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Golf Benchmarking: What You Need to Know

  |   cl blog

One of the biggest issues for general managers, owners, and management companies in the golf industry is to understandhow their golf operation compares to their competitor. The process of benchmarking is creating a standard or reference by which others can be measured or judged. Benchmarking can apply to the golf club as a whole (food and beverage, employee compensation, utility costs, etc.) or benchmarking can be more segmented and focus only on rounds and revenue.

Benchmarking works with industries which have a fixed capacity, perishable product, time-variable demand, and segmented-demand among other factors. Understanding all of this revenue-tracked data helps price tee times correctly and control 3rd Party barter rounds.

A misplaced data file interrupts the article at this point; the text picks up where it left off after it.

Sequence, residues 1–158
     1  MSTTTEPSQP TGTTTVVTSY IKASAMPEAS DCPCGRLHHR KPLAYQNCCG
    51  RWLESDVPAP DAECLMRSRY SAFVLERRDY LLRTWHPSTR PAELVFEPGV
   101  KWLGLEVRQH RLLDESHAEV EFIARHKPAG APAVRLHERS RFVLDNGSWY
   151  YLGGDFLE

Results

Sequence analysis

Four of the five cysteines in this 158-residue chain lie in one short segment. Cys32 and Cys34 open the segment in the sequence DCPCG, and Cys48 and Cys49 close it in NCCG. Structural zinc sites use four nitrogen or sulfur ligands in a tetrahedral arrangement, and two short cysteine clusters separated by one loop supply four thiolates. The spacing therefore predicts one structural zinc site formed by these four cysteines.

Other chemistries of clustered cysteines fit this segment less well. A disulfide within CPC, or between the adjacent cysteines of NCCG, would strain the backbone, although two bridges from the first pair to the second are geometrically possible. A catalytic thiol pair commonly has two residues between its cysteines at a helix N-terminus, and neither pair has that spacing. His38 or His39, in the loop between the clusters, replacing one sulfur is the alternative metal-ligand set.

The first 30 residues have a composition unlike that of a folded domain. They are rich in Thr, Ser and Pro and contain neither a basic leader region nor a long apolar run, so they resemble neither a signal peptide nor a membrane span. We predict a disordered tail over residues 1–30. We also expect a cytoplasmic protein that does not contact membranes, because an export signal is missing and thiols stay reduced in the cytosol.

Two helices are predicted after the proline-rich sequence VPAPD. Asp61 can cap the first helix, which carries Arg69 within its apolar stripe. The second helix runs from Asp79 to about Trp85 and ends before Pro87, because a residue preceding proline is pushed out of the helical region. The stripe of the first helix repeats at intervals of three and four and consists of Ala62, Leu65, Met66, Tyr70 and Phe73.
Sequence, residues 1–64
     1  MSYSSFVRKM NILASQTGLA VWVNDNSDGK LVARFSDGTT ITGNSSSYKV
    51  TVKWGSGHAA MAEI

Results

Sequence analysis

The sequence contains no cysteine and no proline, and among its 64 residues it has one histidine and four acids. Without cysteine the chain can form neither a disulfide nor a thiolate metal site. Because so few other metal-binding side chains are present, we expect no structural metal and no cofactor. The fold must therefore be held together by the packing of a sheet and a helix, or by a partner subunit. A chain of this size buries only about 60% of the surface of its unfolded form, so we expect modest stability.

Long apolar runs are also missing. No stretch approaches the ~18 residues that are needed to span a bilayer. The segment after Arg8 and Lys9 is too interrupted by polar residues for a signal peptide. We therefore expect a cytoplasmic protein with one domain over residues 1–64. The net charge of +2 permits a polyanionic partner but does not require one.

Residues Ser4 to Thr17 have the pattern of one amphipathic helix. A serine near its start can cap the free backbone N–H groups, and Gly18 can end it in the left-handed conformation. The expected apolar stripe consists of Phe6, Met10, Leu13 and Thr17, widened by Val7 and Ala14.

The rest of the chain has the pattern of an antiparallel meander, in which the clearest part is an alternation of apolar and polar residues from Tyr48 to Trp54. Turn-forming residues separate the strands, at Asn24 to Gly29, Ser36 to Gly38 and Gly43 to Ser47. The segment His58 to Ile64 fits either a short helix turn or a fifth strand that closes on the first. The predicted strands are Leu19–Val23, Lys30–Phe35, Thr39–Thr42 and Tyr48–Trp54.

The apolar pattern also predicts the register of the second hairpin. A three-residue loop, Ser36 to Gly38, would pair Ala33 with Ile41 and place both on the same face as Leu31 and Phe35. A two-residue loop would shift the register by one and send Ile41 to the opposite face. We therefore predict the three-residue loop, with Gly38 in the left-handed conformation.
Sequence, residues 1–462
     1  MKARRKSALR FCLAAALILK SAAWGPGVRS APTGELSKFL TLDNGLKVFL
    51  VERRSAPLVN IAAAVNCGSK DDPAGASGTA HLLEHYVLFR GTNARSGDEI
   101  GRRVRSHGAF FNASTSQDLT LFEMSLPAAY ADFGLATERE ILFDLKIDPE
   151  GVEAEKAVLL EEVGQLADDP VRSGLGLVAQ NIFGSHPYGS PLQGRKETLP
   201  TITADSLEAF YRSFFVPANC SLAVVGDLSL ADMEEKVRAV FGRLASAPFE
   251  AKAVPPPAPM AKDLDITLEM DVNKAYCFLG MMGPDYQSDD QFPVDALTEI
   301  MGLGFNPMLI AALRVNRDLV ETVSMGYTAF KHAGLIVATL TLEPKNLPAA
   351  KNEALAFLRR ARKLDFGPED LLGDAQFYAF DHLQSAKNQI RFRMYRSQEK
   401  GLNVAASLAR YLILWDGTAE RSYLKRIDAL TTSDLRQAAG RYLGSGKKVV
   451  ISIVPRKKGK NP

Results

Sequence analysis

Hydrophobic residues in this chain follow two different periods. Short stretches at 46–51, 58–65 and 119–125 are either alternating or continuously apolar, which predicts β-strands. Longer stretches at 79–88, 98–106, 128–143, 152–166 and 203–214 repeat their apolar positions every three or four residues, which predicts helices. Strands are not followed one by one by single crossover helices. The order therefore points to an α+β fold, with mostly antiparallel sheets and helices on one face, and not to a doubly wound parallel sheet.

Monitoring where rounds are booked, the occupancy percentage of your tee sheet, as well as the rates of the golf rounds, will help golf courses understand where their money is coming from and how to maximize profit. Knowing how a golf course compares to a competing golf course will validate the price of a tee time or push general managers to ask the question if their tee times are priced correctly.

Once golf courses understand how much tee times are worth and what customers are willing to pay, golf courses regain control of their tee sheet with 3rd Party Barter avenues. Most golf courses don’t realize that over half of the rounds of golf booked by 3rd parties are Friday, Saturday, and Sunday.

As of late, the only benchmarking in the golf industry has been KPMG benchmarking Europe. The only golf industry benchmark in the USA is the Phoenix-based rounds and revenue benchmarking service ORCA Report; golf industry veterans who understand the technology of Golf Now and 3rd Party barter better than most founded ORCA. To learn more about ORCA, click here.